Poseidon Expeditions, anticipating the potential landscape challenges of icy West Greenland in the spring, used its experience and contingency planning to successfully transfer more than 200 guests via helicopter on Wednesday.
Following a short Zodiac cruise from the MV Sea Spirit, anchored in Ikertoq Fjord in West Greenland, the transfer took place on a grassy field near the abandoned village of Sarqardlit, about 35 nautical miles west of the intended disembarkation point in Kangerlussuaq.
The initial morning helicopter transfer involved 90 passengers. This transfer by helicopter was necessitated by sea ice blocking the final miles of eastern Søndrestrom Fjord. The ice prevented the planned disembarkation of the vessel’s first cruise of the Arctic season in Kangerlussuaq, from where passengers were to fly home. West Greenland’s only international airport, Kangerlussusq sits at the far eastern end of Søndrestrom Fjord.
Planning for this operation (not an emergency) had been underway for the previous 10 days by the Poseidon Expeditions’ operations team and Greenland service providers. The cruise began in Nuuk, Greenland on May 22 and was not shortened in any way due to the ice situation. Guests explored intended coastal areas including Disko Bay during the cruise, visiting small Inuit villages and taking advantage of expedition activities such as nature hikes, Zodiac cruising and kayaking.
Similarly, but in the reverse direction, the 114 guests who planned to embark the Sea Spirit Wednesday afternoon in Kangerlussuaq for a May 30-June 6 voyage were flown via helicopter from the airport to Sarqardlit. During both morning and afternoon operations, guests and their luggage were transferred via Zodiac landing craft between the Sea Spirit and the makeshift helicopter pad in Sarqardlit.
For the transfer, Poseidon Expeditions contracted with Air Greenland to secure the services of a 19-seat Sikorsky S61-N helicopter. Passengers were flown in small groups on the approximately 30-minute flight each direction, with luggage carried on a separate flight.
Nikolay Saveliev, president of Poseidon Expeditions, gave high marks to all involved in the successful completion of the helicopter transfers. “I want to thank our operations team as well as the ship’s captain and expedition staff, all of whom made this happen without a hitch in Sarqardlit. We also had great cooperation from Air Greenland and our ground operator, World of Greenland, both of whom partnered with us in a most professional way to make ‘Plan B’ a complete success.”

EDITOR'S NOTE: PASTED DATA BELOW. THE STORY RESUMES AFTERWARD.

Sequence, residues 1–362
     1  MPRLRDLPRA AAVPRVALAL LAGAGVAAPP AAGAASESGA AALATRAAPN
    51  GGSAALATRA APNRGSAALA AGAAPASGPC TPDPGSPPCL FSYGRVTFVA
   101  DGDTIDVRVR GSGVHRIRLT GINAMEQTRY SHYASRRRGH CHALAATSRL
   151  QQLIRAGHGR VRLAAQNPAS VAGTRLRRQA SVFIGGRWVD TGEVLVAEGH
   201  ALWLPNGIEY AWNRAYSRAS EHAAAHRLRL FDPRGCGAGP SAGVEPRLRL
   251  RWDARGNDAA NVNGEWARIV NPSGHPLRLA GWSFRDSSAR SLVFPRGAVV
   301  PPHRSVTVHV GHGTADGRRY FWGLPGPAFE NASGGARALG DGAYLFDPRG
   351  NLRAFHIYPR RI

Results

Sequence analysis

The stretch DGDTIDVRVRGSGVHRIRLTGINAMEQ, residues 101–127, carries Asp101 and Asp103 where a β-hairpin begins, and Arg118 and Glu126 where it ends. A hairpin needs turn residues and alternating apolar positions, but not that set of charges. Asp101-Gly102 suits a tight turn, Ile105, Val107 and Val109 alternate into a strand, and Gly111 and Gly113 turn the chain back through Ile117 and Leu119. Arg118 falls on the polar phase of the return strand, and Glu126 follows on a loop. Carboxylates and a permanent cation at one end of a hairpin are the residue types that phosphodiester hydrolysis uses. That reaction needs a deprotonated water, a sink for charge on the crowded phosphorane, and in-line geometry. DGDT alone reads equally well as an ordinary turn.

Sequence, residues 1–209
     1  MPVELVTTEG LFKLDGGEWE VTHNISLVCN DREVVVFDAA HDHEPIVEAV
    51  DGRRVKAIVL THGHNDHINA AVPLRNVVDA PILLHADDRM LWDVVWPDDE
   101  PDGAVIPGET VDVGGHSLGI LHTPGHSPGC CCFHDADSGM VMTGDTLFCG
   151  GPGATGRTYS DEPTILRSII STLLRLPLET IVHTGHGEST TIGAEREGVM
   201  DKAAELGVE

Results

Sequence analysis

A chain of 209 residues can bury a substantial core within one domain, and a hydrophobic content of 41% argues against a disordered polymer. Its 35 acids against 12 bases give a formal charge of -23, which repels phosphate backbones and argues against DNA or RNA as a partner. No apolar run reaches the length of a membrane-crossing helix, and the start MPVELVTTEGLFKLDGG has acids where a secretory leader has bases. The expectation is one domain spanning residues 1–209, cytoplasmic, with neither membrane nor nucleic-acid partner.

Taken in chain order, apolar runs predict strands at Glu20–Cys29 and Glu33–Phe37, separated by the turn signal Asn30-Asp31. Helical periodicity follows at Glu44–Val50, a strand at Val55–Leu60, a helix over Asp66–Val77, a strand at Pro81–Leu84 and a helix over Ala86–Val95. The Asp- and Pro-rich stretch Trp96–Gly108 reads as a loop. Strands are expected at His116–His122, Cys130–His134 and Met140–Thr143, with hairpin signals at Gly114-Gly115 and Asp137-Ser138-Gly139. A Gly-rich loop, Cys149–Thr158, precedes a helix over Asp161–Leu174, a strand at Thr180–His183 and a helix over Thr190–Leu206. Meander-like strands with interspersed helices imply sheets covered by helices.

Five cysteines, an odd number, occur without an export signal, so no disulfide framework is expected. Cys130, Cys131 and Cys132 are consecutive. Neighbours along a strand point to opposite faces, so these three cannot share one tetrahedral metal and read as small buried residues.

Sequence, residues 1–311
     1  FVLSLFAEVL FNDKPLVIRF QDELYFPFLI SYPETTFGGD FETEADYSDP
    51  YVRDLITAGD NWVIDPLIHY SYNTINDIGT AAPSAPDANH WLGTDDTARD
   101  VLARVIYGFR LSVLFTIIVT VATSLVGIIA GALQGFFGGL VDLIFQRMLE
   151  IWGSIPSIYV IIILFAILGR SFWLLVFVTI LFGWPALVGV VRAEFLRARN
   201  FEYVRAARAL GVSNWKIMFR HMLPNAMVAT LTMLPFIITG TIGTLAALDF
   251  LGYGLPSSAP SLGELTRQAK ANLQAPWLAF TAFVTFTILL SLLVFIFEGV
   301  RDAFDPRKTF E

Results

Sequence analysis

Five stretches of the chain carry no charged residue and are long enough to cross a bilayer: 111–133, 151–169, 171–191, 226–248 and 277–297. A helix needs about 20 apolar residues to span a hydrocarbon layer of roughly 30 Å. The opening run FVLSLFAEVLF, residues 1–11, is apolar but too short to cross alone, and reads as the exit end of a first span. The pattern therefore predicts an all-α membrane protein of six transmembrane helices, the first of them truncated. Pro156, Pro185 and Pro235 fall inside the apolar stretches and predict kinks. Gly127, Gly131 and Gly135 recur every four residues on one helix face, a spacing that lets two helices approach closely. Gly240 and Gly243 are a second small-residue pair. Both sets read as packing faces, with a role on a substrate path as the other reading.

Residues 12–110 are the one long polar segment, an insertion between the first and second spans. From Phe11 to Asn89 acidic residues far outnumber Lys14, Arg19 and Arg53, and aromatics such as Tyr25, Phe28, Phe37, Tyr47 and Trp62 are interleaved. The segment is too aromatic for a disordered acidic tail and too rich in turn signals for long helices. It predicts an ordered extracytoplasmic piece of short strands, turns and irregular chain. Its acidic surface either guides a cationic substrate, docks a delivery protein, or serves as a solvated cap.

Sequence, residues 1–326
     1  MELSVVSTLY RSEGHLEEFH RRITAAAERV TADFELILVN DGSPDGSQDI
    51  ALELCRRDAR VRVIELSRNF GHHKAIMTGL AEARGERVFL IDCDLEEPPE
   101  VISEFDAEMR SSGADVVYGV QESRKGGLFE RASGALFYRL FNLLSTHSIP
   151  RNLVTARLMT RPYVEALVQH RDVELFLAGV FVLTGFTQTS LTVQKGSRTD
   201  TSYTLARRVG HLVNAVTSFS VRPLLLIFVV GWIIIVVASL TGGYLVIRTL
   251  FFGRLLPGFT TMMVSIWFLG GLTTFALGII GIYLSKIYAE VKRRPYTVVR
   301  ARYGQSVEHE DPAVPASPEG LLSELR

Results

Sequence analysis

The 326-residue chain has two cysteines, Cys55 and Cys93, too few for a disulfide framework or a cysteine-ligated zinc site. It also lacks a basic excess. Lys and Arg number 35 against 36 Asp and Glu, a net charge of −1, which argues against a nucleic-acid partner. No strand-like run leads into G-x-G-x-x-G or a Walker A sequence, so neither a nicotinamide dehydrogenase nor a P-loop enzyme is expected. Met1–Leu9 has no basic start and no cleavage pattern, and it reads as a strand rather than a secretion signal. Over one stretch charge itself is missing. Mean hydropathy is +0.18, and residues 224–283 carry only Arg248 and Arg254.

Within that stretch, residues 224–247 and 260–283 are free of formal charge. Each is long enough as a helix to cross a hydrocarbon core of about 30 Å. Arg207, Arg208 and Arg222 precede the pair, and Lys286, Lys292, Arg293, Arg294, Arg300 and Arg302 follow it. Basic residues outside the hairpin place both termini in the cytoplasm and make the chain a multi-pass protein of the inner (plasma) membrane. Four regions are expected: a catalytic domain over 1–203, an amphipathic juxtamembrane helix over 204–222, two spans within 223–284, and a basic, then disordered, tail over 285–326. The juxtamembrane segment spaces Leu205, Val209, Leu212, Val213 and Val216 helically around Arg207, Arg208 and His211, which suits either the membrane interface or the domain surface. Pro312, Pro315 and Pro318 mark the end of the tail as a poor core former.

According to World of Greenland and Air Greenland, this was the first such passenger transfer via helicopter between an expedition vessel and Kangerlussuaq, and involved more than 200 guests.
“Cruising in the polar regions usually has some unplanned twists and turns; this is what expedition cruising is all about. We have more than 15 years of experience using helicopters in the high Arctic, and so were able to effectively integrate this into the operation. We’re happy to report that the passengers took the change of plans in stride, and considered it an unexpected bonus of their Greenland adventure,” Saveliev said.
Ice conditions in Søndrestrom Fjord will continue to be monitored during the next week to determine if disembarkation on June 6 will take place in Kangerlussuaq as scheduled, or if the Sikorsky S61-N helicopter will again be called into action.
According to Anja Erdmann, the ship’s expedition leader who has more than 15 years of experience in Greenland cruising, sea ice is always a factor along the island’s western shores and fjords in May. “We enjoyed ice-free conditions last year – same week, same place – but there are never any guarantees and a realistic, objective appraisal of the situation beforehand is always required. We know the risks and just have to be prepared for them,” she said.
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